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"Urban Small Businesses in the Inter-War Period: A Case of Tokyo Prefecture"(in Japanese)


  • Masayuki Tanimoto

    (Faculty of Economics, The University of Tokyo)


This paper explores the "indigenous development" process in the Inter-War period of Japan. Typical indigenous development process can be seen in the development of rural weaving industry before the World War I. There functioned the production form besides factory such as putting-out system based on the peasant's sideline work. After the World War I, however, putting-out system in the weaving industry rapidly gave way to factory system that equipped the power looms. Contrastively, the industrial development in Tokyo during Inter-War period entailed the increase of newly formed petty and small workshops. There functioned the production system based on the complex transaction of merchants, factories, small workshops and domestic works. Among these actors, small workshops that had a certain level of skill for processing played a significant role to maintain this production system. The reproduction of these skills was preserved by the quasi-apprentice system within the workshops. Although the comparatively low wage in these workshops, the expectation to start up the own workshop after trained in the workshop attracted the juveniles. There existed the organizers (merchants) transferring market information to the manufacturing spot on one hand, and the reproduction of low cost workshops preparing a certain level of skills on the other hand. Being combined these two actors together and utilized the favorable urban environment such as integration of related industries and technologies, concentration of unskilled labour migrated from rural areas, the non-factory production system, which got into the phase of decline in the countryside, activated in urban areas after the World War I.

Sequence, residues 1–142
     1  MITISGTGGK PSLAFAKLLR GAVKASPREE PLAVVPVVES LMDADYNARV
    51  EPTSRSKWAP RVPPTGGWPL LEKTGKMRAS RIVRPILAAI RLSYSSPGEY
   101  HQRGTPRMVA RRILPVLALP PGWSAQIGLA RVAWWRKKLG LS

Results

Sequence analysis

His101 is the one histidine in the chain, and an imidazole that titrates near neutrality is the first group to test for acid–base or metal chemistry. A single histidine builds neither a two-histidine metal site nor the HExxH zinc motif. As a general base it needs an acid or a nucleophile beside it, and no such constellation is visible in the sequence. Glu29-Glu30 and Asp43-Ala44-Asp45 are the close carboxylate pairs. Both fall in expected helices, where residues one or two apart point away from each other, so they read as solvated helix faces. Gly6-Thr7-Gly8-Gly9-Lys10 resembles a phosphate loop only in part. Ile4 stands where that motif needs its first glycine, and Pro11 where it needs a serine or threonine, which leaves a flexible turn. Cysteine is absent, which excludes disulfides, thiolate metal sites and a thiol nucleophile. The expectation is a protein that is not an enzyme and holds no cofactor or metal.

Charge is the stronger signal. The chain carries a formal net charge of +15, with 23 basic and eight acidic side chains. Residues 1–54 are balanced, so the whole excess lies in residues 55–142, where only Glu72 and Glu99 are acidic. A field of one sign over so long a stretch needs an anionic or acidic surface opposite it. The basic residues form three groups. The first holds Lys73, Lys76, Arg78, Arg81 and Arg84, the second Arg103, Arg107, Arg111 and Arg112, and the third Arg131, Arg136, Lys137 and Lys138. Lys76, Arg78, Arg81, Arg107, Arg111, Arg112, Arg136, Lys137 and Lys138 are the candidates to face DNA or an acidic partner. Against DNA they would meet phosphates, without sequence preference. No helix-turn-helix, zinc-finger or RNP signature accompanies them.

Suggested Citation

  • Masayuki Tanimoto, 2004. ""Urban Small Businesses in the Inter-War Period: A Case of Tokyo Prefecture"(in Japanese)," CIRJE J-Series CIRJE-J-109, CIRJE, Faculty of Economics, University of Tokyo.
  • Handle: RePEc:tky:jseres:2004cj109

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